The Nature Conservancy in Arkansas recently conducted a statewide poll of likely voters to better understand conservation interests and priorities. Protection of drinking water sources and conservation of fish and wildlife habitats ranked highest among those polled.
A survey was conducted by Gilmore Strategy Group of Little Rock. Jon Gilmore, founder of the group, said he had not seen favorable numbers as high as the results shown from the survey for any other statewide issue or candidate. “It’s clear voters believe in the importance of conservation,” Gilmore said.
The survey revealed voters’ concern for, as well as their resounding support of the state’s water quality. With 98 percent of those polled citing “protecting sources of drinking water” as an important issue for conservation within the state. And 87 percent said they would support efforts to reduce sediment runoff from dirt and gravel roads, a leading contributor of pollution to streams, lakes, and rivers in Arkansas.
“It is evident clear, clean water should be a priority for conservation organizations in the state,” Gilmore added.
“While conserving land and water is a part of our daily mission, it’s encouraging to see positive momentum among voters along with their support of the work of our agency partners, Arkansas Game and Fish Commission, Arkansas Natural Heritage Commission, Department of Arkansas Heritage, and Arkansas State Parks,” said Scott Simon, Arkansas director of The Nature Conservancy.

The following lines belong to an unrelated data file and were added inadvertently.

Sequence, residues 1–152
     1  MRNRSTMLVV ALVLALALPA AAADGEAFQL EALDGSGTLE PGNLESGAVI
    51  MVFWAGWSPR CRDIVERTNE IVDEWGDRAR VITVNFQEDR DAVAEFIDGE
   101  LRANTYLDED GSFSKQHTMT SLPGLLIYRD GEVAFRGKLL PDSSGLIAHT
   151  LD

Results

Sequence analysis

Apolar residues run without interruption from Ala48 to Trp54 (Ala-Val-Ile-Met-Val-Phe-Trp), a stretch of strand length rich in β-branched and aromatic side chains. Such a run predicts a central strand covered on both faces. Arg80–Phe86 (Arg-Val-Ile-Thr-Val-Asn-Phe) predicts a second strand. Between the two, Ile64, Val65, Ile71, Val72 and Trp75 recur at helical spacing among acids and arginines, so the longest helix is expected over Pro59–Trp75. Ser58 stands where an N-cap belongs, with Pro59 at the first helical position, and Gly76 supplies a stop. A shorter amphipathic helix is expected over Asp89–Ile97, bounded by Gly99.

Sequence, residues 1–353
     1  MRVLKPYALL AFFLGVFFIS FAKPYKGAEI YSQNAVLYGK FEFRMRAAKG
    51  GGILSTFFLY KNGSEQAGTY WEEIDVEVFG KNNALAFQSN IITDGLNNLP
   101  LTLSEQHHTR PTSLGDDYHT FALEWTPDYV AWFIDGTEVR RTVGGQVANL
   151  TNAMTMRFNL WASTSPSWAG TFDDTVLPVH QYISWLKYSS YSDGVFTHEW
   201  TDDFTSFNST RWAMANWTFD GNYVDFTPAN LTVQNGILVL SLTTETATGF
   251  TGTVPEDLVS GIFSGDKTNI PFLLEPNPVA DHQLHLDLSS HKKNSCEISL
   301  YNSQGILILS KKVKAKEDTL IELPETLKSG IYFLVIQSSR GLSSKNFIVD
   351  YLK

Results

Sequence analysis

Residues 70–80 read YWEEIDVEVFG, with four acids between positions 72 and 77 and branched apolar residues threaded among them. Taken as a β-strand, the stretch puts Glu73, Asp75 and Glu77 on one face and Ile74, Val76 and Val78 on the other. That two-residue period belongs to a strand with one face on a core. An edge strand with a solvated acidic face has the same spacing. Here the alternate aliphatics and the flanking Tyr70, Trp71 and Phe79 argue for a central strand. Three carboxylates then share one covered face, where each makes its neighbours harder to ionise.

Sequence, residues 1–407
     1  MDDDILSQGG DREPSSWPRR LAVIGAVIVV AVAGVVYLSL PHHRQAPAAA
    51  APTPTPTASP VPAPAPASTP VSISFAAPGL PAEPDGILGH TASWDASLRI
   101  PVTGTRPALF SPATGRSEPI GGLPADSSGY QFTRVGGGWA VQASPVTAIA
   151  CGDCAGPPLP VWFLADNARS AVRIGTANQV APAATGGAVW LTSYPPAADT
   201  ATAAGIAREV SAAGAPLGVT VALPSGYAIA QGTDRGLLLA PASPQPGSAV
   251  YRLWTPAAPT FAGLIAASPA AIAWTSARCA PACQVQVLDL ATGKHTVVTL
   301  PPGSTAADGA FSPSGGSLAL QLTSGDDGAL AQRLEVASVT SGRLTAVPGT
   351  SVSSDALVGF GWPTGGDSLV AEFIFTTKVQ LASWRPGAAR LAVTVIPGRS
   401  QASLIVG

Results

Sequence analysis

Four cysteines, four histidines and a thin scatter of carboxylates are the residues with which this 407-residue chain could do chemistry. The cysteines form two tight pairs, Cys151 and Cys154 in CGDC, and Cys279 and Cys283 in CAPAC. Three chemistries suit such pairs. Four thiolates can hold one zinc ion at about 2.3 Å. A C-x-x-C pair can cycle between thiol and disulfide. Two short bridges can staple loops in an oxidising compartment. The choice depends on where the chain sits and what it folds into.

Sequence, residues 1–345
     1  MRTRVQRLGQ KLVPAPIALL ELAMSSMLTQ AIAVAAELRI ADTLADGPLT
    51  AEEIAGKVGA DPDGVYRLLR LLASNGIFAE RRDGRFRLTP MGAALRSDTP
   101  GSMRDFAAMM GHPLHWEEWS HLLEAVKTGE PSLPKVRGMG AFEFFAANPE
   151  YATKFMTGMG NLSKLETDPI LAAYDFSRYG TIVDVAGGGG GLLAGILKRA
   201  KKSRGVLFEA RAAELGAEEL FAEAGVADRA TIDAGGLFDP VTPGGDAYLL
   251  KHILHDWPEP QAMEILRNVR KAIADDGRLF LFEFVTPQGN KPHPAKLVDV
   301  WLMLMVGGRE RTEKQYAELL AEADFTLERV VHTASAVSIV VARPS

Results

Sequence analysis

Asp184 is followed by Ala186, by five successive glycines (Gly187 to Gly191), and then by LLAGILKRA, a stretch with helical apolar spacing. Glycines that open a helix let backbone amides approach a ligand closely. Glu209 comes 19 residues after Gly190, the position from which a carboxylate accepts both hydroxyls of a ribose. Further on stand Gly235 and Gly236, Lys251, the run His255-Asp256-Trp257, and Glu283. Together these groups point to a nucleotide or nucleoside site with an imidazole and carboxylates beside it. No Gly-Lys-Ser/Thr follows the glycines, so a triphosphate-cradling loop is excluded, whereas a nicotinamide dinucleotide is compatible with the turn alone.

Pragmatic conservation solutions happen in our state because people work together towards improving and keeping our lakes, rivers, and streams clean,” added Simon.”
Ninety-six percent of the respondents cited the importance to conserve fish and wildlife habitats and 80 percent showed favorable views of the Arkansas Game and Fish Commission (AGFC).
“The survey results are a welcomed confirmation for the work of our team here at the commission, but also is evidence for how strong voters’ support our state’s natural resources,” said Chris Colclasure, deputy director for the AGFC. “The outdoors are a way of life in Arkansas and together we need to protect the opportunities we have for future generations.”
The survey asked likely voters if they favored or opposed the 1/8th-cent Conservation Sales Tax. Almost 80 percent said they support it.
In 1996, Arkansas voters passed a sales tax to provide funding for fish and wildlife conservation, state parks, litter prevention and protection of natural heritage. The AGFC receives 45 percent; Arkansas State Parks, 45 percent; Department of Arkansas Heritage, nine percent; and Keep Arkansas Beautiful Commission, one percent of the funding.
Image via The Nature Conservancy